Published Online: 30 JAN 2010
Copyright © 2010 John Wiley & Sons, Inc. All rights reserved.
Corsini Encyclopedia of Psychology
How to Cite
Sauser, W. I. 2010. Thurstone Scaling. Corsini Encyclopedia of Psychology. 1.
- Published Online: 30 JAN 2010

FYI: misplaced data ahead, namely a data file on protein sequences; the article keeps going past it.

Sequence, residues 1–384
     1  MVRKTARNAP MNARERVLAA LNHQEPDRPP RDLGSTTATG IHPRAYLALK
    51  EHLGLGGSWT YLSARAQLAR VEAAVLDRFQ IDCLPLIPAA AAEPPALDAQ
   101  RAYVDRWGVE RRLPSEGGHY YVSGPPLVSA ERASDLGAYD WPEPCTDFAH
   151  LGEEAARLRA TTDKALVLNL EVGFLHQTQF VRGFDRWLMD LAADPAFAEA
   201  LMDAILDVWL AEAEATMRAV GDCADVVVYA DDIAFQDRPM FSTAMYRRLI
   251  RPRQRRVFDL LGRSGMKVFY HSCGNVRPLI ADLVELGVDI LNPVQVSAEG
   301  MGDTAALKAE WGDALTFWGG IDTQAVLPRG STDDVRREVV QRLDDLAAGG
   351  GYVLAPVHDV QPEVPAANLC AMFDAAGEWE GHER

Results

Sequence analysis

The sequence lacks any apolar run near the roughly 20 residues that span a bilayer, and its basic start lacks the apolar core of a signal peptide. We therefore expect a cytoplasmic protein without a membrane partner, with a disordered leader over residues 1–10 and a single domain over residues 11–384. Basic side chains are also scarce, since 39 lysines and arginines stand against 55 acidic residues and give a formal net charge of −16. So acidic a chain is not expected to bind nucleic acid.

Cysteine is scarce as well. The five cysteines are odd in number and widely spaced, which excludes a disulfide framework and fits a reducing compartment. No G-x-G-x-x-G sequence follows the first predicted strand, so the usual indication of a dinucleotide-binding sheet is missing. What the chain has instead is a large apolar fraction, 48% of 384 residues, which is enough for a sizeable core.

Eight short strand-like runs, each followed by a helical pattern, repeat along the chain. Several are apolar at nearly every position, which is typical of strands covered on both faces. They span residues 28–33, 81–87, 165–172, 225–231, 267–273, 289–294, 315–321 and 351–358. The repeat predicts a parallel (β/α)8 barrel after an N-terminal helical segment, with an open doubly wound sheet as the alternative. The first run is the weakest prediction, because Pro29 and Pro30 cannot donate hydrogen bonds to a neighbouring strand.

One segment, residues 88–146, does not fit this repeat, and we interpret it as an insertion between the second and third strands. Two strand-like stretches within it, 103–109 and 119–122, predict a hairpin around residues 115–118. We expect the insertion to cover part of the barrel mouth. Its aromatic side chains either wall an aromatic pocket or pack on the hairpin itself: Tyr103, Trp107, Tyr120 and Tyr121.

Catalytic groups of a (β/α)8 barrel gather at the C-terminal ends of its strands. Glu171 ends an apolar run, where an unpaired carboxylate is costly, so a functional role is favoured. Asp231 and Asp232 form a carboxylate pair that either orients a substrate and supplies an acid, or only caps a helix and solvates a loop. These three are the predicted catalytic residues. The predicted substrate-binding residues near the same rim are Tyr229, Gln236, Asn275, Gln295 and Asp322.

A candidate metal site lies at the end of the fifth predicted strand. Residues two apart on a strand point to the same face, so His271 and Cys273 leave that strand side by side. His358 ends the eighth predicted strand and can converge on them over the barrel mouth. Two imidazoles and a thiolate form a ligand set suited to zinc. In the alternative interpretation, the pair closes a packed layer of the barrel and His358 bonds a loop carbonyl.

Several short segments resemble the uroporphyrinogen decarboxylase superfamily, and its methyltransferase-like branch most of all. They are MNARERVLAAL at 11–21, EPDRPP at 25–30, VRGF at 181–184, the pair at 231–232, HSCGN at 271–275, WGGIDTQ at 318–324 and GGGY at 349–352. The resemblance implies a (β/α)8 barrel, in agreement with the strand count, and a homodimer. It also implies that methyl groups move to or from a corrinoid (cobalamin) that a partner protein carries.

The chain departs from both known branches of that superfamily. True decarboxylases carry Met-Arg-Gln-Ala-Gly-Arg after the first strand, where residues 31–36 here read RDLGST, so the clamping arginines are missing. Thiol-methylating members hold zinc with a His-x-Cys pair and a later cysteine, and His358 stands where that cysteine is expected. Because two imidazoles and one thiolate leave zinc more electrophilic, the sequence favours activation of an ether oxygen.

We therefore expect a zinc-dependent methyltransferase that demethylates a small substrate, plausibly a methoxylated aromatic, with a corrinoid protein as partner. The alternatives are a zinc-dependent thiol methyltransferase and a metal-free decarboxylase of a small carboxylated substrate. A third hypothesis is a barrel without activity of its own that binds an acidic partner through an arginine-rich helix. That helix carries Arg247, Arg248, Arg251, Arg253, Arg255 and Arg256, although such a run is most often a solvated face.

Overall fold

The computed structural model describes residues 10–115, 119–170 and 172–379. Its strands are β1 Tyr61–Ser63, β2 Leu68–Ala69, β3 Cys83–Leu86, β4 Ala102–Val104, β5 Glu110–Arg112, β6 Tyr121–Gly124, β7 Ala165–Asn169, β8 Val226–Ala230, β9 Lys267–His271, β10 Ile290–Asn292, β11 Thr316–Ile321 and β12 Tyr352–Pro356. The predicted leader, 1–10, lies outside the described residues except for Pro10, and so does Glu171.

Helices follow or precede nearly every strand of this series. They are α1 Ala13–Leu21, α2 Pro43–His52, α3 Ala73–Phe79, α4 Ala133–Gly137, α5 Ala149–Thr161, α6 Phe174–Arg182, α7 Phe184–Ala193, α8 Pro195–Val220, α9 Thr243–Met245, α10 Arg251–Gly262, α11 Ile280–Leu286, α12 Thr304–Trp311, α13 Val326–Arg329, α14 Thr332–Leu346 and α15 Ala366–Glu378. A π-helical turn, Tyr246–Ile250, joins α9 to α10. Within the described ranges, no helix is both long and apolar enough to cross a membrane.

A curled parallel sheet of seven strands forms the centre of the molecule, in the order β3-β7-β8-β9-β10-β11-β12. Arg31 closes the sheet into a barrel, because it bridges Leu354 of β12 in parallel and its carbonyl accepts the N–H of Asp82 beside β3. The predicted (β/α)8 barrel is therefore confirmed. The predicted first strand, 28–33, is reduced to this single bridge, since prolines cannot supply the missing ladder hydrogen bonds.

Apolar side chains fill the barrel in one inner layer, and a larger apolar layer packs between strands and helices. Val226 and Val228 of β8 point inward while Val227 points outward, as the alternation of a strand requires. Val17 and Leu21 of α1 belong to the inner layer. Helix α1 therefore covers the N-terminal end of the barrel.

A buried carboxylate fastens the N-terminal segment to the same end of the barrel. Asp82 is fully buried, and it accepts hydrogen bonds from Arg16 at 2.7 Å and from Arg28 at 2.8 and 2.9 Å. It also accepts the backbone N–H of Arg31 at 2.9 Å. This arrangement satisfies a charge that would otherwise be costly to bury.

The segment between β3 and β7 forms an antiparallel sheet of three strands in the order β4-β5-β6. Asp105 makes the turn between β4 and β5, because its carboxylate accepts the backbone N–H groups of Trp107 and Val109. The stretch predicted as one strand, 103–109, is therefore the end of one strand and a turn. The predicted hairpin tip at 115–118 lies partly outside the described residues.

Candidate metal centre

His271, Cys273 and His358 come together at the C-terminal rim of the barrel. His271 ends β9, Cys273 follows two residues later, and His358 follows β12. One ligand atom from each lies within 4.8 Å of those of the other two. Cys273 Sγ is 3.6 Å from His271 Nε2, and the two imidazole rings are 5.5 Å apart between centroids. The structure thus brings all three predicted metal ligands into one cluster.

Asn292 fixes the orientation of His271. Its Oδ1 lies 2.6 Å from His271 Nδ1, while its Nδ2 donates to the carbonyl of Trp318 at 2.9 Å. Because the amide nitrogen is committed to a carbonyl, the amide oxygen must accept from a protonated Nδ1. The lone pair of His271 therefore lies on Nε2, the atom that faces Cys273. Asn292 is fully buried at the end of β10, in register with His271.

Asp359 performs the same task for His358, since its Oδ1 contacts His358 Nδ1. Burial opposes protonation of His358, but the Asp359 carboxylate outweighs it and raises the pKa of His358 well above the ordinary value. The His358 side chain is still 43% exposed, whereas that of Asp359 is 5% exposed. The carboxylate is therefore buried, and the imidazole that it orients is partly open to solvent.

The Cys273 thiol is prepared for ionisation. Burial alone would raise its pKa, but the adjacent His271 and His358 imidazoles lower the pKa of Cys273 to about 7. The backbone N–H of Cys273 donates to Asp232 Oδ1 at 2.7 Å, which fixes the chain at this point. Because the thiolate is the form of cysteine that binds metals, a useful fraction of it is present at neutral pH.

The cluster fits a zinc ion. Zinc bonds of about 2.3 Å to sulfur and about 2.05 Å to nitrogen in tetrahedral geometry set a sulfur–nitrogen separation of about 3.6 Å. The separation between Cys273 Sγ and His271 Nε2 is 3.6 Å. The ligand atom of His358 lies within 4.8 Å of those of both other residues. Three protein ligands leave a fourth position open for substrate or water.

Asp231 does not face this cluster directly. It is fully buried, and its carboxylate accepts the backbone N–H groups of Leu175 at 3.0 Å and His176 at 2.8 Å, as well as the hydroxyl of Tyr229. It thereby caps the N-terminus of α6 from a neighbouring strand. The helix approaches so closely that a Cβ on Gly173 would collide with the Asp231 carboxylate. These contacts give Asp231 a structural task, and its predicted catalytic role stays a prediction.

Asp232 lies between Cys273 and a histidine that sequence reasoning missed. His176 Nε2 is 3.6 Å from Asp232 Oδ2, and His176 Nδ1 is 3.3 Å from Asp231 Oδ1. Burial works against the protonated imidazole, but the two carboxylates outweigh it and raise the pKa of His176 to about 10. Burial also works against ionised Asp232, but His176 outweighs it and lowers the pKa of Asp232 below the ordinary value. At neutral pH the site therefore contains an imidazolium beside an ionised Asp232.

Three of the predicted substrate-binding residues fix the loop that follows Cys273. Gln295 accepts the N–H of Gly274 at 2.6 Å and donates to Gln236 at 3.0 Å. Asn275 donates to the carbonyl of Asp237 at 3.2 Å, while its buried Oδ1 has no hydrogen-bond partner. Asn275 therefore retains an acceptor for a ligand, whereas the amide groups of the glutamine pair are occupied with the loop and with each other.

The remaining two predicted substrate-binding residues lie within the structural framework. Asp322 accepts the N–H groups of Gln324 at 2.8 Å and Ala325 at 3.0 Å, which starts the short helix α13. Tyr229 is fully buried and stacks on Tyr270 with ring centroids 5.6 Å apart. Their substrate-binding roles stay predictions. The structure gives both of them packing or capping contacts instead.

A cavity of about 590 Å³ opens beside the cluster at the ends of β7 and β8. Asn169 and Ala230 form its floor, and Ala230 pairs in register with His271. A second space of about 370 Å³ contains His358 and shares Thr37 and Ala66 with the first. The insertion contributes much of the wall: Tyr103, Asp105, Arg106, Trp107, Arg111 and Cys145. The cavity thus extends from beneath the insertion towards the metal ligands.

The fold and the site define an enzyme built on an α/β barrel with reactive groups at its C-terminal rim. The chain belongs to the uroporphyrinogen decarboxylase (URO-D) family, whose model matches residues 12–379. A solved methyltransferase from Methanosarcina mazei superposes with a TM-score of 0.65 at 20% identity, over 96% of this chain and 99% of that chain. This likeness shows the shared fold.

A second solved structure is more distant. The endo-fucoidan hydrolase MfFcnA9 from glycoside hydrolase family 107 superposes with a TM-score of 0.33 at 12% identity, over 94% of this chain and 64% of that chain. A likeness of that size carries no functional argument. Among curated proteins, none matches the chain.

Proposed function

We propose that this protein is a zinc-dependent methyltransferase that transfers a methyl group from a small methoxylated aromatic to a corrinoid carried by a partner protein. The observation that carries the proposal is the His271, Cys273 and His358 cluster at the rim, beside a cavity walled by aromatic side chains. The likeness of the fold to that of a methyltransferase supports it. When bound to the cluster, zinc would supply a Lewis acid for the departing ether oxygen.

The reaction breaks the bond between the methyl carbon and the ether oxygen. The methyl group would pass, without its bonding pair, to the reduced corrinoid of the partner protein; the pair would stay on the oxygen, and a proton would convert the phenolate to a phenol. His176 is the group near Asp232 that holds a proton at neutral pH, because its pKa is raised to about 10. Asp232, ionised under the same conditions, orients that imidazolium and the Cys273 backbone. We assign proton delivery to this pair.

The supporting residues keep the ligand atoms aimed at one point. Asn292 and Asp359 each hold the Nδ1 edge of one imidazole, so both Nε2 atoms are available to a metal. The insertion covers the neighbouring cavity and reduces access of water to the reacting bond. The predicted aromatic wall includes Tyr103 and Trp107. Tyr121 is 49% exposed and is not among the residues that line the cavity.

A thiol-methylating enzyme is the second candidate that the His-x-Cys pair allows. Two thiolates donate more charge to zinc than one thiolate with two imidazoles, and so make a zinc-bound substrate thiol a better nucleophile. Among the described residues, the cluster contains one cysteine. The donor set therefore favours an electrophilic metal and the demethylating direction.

Thurstone scaling, also known as the method of equal-appearing intervals, is a technique devised by Louis L. Thurstone (1928) for constructing quantitative unidimensional attitude measurement instruments. It is an improvement over earlier scaling methods in that it results in an interval scale, rather than a nominal or ordinal scale, and thus it yields results that can be analyzed by using parametric statistics. Thurstone scaling is a time-consuming and cumbersome methodology that has largely been supplanted in popularity by newer psychometric techniques for measuring attitudes, such as Likert scaling, Bogardus scaling, the Osgood semantic differential, and the Rasch model. Nonetheless, Thurstone scaling is still in use as an attitude-scaling technique, and it is a major step in the development of behaviorally anchored rating scales, mixed standard rating scales, and weighted checklists for measuring work performance.